The first is about the normal form of a sudoku. The rules of sudoku have a huge symmetry group of order (3!)^8 x 2 x 9! = 1.22E12. It is generated by permutations of rows in a group of three rows, permutations of these groups, same thing for columns, transposition of the grid and permutations of the numbers 1,...,9 which are just labels for nine different things. So for each grid, there are 1.22E12 grids which are basically the same. Is there an easy way to determine if two puzzles are related by the symmetry and even better, is there a normal form (a distinct element for each orbit)?

There is a trivial solution to this problem: You just write out all 10^12 puzzles you obtain by acting with the symmetry group and then sort them according to some lexicographic ordering. This gives a normal form.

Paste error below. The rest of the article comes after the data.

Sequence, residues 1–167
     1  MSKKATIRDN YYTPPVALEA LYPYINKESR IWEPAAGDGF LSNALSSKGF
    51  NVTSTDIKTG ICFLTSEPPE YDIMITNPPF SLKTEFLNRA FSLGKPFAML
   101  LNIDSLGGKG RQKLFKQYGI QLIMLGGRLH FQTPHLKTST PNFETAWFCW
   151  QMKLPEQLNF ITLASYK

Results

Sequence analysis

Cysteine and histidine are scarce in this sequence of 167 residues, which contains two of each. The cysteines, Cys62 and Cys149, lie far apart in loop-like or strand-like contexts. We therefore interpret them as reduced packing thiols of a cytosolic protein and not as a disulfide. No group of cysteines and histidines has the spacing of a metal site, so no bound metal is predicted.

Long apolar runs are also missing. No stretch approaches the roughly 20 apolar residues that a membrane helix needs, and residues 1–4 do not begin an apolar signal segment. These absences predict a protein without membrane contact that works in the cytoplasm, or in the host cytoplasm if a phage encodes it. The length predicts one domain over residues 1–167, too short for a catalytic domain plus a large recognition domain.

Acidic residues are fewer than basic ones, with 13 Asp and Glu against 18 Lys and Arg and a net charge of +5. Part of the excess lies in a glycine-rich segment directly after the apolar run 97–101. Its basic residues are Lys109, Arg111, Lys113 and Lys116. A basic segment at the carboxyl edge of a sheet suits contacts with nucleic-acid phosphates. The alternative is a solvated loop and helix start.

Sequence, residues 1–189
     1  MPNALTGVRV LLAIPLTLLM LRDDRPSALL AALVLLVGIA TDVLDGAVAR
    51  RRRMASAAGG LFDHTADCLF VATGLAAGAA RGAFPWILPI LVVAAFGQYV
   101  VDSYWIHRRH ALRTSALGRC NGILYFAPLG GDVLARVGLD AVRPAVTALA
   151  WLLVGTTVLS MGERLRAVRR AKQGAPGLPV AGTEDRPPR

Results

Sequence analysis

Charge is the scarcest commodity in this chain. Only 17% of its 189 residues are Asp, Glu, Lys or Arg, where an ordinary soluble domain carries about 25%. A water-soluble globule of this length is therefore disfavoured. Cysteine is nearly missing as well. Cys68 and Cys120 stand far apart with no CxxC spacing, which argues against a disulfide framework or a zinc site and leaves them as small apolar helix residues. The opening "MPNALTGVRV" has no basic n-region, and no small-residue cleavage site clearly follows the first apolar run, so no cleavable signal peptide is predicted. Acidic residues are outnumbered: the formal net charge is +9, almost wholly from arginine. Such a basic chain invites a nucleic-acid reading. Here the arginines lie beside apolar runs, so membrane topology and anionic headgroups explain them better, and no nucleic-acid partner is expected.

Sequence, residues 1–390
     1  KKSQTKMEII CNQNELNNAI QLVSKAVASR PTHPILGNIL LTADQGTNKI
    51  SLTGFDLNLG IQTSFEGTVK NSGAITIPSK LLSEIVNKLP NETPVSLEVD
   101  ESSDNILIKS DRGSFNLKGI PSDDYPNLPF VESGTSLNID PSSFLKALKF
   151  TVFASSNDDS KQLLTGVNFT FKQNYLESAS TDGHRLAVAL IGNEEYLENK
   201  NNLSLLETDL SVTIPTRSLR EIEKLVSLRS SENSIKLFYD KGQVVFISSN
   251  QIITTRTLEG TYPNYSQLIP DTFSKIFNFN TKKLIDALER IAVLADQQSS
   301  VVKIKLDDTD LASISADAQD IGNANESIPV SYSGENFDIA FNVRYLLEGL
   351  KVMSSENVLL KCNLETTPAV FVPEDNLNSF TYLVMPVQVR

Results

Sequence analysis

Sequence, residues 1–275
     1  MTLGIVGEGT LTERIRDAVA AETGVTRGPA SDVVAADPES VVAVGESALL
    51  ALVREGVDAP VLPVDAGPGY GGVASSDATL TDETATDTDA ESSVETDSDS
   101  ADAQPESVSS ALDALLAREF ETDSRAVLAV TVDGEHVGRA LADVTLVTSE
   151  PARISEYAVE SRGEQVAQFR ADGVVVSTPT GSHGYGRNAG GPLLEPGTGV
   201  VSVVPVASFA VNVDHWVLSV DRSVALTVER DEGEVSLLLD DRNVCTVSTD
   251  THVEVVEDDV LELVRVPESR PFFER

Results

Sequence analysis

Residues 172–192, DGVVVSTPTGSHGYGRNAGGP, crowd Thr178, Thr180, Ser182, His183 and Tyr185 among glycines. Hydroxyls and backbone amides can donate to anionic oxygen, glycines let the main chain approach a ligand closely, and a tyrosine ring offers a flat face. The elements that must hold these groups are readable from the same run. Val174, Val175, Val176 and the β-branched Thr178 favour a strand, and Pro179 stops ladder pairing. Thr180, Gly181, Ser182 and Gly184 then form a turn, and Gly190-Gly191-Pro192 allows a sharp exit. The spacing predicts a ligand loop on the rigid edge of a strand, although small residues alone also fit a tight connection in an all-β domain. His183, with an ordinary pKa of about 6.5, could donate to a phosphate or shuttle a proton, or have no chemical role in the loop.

What I am asking for is a more direct construction. One which sounds more like: Use the 9! permutations of the symbols to make the first row read 123456789. Then use row permutations to make the square below the 1 as small as possible. Then use row permutations to make the next squares under that square as small as possible... Unfortunately, starting to permute colums screws up what was achieved with this ordering prescription. So how would a better algorithm read?

The other problem is how to rate the difficulty of a puzzle? Question one really applied after the puzzle is solved, this question is about puzzles to be done. Newepaper which publish these puzzles often give ratings such as "simple", "intermediate", "hard". But I found these ratings differ significantly between papers (what Zeit online considers hard is much much easier compared to what The Guardian calls a hard sudoku) but are also not consistent amongst themselves.

Earlier, I have talked about the perl program I wrote to solve sudokus. It recursively figures out for all squares which numbers are still allowed and then takes the square with the least number and tries to put these numbers there. If there is an empty square with no allowed numbers remaining it backtracks.